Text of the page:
On 22 July, Saturday afternoon, over 1,200 Singaporeans gathered for a town hall event in Singapore Expo, urging the government to not repeal section 377A of the penal code.
According to the two event organisers, Mr Jason Wong and Mr Mohamed Khair, the event was held in the interest of “safeguarding (Singapore’s) marriages, families, and freedom of conscience.”
Mr Wong is a founder of the Dads for Life movement, and the Yellow Ribbon Project which helps ex-offenders. He is also a board member and former chairman of a Christian organisation, Focus on the Family.
His co-organiser, Mr Mohamed Khair, is the CEO of SuChi Success Initiatives training company, an organisation which runs marriage preparation courses for Muslim Couples amongst other training programmes.
Who Were Amongst the 1,200 attendees?
The Town hall gathered people from all walks of life, all with the common interest of preserving traditional marriages for one reason or another.
The invite-only event was attended by people of different races and backgrounds, as well as current and former LGBTQ members who came forth to share their experiences.
Mr Wong told TODAYonline that Mr Mohamed Khair and his team of organisers were “a group of citizens who have been watching LGBT activism in Singapore and globally, and find that it puts the current institutions of marriage and family at stake, as activists call for their redefinition to include same-sex couples on the basis of equality”.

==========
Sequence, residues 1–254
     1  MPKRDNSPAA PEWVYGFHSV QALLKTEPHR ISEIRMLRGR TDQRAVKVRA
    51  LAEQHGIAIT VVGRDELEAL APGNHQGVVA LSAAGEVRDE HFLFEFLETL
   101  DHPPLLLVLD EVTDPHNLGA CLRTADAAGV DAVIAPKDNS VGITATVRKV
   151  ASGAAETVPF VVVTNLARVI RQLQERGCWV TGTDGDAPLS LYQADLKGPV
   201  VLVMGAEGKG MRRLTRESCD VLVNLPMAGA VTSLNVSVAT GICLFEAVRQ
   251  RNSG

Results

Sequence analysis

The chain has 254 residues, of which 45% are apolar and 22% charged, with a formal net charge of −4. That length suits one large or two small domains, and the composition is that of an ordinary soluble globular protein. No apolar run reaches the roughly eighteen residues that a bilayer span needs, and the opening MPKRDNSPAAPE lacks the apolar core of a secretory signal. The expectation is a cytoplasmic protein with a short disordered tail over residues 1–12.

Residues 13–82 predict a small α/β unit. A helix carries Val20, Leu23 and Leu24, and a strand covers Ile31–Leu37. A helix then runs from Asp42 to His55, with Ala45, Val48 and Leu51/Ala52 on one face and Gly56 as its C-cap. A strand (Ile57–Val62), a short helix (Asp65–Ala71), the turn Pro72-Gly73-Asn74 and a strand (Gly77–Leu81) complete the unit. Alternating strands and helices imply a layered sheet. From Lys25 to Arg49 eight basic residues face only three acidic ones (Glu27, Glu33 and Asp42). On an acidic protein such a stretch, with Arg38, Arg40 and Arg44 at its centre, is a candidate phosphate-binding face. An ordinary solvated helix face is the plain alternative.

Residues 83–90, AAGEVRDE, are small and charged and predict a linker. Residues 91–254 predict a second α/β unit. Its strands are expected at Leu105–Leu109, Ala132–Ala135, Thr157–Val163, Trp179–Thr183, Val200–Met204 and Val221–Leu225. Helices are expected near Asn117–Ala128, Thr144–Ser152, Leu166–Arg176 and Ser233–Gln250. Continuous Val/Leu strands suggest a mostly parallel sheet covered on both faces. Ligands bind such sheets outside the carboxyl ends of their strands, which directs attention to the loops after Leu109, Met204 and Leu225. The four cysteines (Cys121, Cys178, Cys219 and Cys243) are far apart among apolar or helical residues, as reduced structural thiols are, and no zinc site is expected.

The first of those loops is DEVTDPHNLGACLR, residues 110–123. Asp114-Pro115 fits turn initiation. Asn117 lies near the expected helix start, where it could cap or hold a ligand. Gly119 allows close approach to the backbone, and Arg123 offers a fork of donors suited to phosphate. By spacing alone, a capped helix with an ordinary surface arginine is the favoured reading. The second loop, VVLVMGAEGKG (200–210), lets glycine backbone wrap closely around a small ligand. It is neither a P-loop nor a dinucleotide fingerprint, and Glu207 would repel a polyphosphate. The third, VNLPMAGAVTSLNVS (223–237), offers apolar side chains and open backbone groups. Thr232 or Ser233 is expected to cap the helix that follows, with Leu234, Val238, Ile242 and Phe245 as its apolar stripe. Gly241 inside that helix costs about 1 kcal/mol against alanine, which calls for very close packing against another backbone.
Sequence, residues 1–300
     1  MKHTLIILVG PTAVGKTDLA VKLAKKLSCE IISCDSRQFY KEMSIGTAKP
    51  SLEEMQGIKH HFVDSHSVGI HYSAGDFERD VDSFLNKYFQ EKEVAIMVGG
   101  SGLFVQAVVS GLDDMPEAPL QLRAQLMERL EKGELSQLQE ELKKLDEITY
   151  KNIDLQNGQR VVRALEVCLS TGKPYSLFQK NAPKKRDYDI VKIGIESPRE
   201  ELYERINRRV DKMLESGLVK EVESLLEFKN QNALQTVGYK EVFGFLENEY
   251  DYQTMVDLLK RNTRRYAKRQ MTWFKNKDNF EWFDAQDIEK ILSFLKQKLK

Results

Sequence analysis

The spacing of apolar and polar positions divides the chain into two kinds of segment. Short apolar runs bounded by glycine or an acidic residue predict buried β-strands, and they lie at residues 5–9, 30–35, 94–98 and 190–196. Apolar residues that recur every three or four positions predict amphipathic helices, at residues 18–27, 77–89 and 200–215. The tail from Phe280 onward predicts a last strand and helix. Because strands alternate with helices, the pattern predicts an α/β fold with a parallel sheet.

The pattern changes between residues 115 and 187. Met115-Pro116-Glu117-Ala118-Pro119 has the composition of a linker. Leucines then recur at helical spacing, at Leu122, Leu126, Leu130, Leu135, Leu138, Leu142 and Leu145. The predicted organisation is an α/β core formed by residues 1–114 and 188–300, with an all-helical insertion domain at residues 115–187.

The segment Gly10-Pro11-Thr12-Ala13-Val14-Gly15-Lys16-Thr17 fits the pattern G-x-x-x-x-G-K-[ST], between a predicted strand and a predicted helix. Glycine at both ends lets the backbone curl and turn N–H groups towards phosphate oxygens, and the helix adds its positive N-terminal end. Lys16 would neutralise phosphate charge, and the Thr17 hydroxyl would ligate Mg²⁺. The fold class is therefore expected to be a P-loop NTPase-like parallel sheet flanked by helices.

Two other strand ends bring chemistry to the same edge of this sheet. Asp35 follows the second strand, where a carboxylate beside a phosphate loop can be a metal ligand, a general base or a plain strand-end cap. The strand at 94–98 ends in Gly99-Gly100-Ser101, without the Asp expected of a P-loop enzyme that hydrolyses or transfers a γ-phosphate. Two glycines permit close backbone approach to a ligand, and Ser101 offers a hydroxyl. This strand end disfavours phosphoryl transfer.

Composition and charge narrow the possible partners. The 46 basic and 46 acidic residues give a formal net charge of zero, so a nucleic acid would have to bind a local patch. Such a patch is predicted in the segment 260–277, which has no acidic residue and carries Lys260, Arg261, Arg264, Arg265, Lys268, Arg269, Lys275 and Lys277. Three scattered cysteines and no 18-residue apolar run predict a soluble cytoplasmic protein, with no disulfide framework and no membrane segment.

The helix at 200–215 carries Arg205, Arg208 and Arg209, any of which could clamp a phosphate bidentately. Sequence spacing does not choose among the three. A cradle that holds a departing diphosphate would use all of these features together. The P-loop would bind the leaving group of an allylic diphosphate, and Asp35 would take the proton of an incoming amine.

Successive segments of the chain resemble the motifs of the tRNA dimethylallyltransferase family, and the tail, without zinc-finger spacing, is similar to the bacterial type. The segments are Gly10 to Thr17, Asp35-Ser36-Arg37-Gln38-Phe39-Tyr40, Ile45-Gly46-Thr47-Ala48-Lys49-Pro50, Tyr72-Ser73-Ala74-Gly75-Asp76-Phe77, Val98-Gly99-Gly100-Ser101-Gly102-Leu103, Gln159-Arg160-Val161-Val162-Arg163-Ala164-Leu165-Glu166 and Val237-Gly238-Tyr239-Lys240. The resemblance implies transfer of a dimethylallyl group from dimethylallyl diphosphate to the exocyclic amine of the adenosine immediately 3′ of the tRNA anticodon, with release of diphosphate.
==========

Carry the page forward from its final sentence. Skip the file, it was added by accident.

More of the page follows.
Apart from the two lead organisers, there were also two other speakers shared more during their segments. Their identity is not disclosed to the public as per the event’s rules to its attendees, and the media was also not invited to the event.
What was Discussed during the Closed-door Event?
In a now circulating pamphlet that was distributed during the town hall, it was revealed that the organisers had said that LGBTQ groups were pushing for “many changes to law, policy and society”, including repealing Section 377a, the central topic of the townhall discussion.
The organisers also called for the government to instil a “new political package” in place of Section 377a, the law which criminalises sex between two man, should it be repealed. Otherwise, they stated it would be “unwise” to repeal this widely-debated law.
The pamphlet also stated that in the package, provisions that protect marriage as a “man-woman union and the natural family unit” should be included.
Children were also one of the key groups that the organisers put forth as at risk of being negatively affected in the possibility of a repeal, as it had stated “Children, too, must be protected from “indoctrination in LGBTQ+ ideas and beliefs”. And for those who do not accept such beliefs, they should be protected from being “pressured, bullied or discriminated against” by others who do.”
The same sentiment of protecting the interest of Children, and being “Silent No More” against those who outwardly condemn anti-LGBTQ+ individuals, was shared in Mr Wong’s Facebook post following the event: